It doesn’t take much, and more often than not, it’s something quite innocent. There is no intent to harm or frighten me, but yet something takes me back to live trauma all over again. In spite of the time gone past, the hours in therapy, the healing and forgiveness… it can be the most innocent thing and it feels like I’m right back there again.
For me, there are such triggers as:
A smile from the ‘wrong” shape of lips.
A chance comment (which probably had nothing to do with me).
A television/movie segment that springs from nowhere.
Watching something happen in the street.
A physical resemblance
A part (or even just an observer) of a conversation.
And many more, usually random events
There’s so many more things that can trigger that emotional response in me that take straight back to the scene of the trauma. It happened to me yesterday. Little warning but bang, and I was scared and I was frightened. I was ‘back there‘ with the person who had perpetrated my trauma. I was re-living it all over again, although I am clear that this was never the intention of the person that triggered me. Actually they had no idea.
Thankfully I was at home (on my computer actually) and could retreat to my safe place (in my bed with heavy covers over me and my teddy bear by my side). Safe, where I know there is nothing of which to be frightened. I can feel it physically and emotionally. I know this routine well. Thankfully a few words from a very dear friend also encouraged both that sense of safety but also affirmed that what I was feeling was valid. Perhaps the most important aspect for me in that particular situation.
Eventually my safe place worked and I could feel okay about coming out from there. But I was shattered for the rest of the day. If you’ll excuse another earthquake metaphor, it was like the remainder of a day after a large quake. Shaken, bruised and wondering what the hell would come next. Wandering around the house, starring at damage, not quite sure what to do now.
I know this well, and you will too if you have Post Traumatic Stress Disorder (PTSD). I’ve learnt the routine that works for me (eventually) and I know I simply have to get away from the trigger, and get to a safe place (for me). But you know, what gets me everytime (after many years of this) is how the trauma keeps coming back. How frightening it is… everytime. That’s apparently the burden of PTSD. While I know the triggers don’t affect me quite so often, it seems to come back full force, every time they do. Not to mention how for some of us we seem to collect more trauma as we go. That is so not fair.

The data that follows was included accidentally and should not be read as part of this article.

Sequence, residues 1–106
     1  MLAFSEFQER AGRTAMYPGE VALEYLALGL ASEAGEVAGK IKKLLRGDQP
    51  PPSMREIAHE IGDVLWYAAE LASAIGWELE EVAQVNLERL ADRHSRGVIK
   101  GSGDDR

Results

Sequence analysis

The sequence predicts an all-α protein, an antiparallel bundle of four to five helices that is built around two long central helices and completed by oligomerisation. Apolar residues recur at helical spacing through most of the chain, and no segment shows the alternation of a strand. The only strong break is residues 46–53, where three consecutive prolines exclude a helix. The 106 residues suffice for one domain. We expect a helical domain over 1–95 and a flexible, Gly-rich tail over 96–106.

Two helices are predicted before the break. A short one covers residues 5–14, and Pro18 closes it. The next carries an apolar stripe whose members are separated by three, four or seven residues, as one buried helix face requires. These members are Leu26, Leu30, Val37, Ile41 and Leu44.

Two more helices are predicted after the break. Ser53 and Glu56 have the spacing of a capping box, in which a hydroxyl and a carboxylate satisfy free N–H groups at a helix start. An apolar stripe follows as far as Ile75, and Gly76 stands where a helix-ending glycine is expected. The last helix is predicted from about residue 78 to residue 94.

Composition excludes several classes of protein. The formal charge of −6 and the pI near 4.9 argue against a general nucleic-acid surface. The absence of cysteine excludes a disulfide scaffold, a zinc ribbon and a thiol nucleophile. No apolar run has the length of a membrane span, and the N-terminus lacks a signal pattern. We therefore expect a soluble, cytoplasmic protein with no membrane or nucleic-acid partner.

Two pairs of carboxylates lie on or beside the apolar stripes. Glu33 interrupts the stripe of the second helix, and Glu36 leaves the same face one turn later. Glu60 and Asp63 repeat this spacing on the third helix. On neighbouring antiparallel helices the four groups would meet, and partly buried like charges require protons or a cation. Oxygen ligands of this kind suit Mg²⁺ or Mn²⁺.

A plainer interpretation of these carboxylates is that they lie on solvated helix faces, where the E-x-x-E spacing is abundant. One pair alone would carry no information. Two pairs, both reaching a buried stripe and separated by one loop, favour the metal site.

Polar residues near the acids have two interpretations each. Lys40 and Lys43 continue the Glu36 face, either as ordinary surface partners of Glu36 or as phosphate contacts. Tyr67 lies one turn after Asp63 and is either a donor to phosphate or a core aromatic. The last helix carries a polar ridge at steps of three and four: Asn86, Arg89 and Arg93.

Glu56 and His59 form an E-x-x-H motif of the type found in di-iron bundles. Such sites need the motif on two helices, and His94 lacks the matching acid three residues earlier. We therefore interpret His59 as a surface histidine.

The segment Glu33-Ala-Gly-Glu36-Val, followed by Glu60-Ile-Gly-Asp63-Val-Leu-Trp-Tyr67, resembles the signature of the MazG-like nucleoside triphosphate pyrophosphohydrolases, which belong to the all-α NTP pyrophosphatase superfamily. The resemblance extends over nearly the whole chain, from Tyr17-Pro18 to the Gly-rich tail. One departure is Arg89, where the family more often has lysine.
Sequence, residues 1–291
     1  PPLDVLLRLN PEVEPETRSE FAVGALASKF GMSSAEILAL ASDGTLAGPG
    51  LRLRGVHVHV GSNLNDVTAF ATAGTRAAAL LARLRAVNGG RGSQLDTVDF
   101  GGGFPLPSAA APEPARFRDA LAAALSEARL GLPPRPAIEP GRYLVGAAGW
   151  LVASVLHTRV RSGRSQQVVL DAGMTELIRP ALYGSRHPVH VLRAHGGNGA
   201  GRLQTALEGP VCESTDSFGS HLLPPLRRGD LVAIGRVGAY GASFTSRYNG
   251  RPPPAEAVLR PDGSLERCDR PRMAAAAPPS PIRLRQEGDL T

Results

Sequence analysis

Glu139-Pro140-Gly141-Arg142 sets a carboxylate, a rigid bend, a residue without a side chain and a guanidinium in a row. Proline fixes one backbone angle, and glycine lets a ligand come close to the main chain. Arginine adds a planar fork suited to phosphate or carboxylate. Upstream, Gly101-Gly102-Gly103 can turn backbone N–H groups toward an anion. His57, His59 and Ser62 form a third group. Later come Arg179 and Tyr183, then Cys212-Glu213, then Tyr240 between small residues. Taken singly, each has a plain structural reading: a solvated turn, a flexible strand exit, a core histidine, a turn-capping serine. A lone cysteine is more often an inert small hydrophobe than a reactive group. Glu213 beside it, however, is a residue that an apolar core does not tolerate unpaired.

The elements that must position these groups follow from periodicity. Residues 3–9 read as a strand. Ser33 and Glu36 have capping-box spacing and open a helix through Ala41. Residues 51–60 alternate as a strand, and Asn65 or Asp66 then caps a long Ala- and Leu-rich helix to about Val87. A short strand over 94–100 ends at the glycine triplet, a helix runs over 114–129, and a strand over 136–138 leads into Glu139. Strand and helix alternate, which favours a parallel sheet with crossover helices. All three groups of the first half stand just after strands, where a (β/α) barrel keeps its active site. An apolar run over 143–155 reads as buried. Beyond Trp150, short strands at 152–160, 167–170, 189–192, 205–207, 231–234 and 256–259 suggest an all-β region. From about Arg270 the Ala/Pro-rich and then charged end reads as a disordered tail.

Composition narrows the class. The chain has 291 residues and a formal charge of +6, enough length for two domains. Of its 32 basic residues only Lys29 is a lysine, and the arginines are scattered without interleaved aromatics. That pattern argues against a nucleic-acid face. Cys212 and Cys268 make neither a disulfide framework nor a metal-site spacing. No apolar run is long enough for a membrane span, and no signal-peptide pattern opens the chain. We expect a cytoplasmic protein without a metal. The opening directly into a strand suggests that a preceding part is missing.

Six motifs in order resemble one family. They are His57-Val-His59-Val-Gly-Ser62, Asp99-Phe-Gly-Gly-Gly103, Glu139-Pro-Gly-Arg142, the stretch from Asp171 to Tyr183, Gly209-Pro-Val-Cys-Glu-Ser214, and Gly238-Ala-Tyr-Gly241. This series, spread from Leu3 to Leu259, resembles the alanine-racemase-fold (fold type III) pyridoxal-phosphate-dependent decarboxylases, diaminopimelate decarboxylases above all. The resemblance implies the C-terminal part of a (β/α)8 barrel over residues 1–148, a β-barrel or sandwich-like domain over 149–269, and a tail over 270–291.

When trauma takes me back I feel anything but ‘normal‘ (for want of a better word) yet I know only too well that it is ‘normal‘ for so many trauma victims. This morning, by chance my friend Michelle of Crow’s Feet (who knew nothing of yesterday) shared in my email an article about transforming trauma into creative energy and action. It couldn’t have been better timed, thanks Michelle. It wasn’t just the idea of transforming the trauma but the accompanying story of the therapist who came through the Holocaust and used her trauma to help others as a therapist. It inspired me. I’m not sure yet, how to make this happen for me but I like the idea and am sharing it with you. The link to the article is:
On a good day she would kiss me back: transforming trauma into creative energy and action
I’m okay today. Just being cautious of screens I look at and people I see. I know it’s a random thing. No one meant be any harm. It was just my brain travelling back, and ouch, sometimes that hurts.
“He asks, in a softer voice, “Does your arm still hurt?”
You touch it with your hand. The big ache is gone, leaving only the little, underneath ache that will gather and swell against the bone. The blood leaks out of the vein where he grabbed you. But you say, “It’s better now.”
— Jim Grimsley (Winter Birds: A Novel)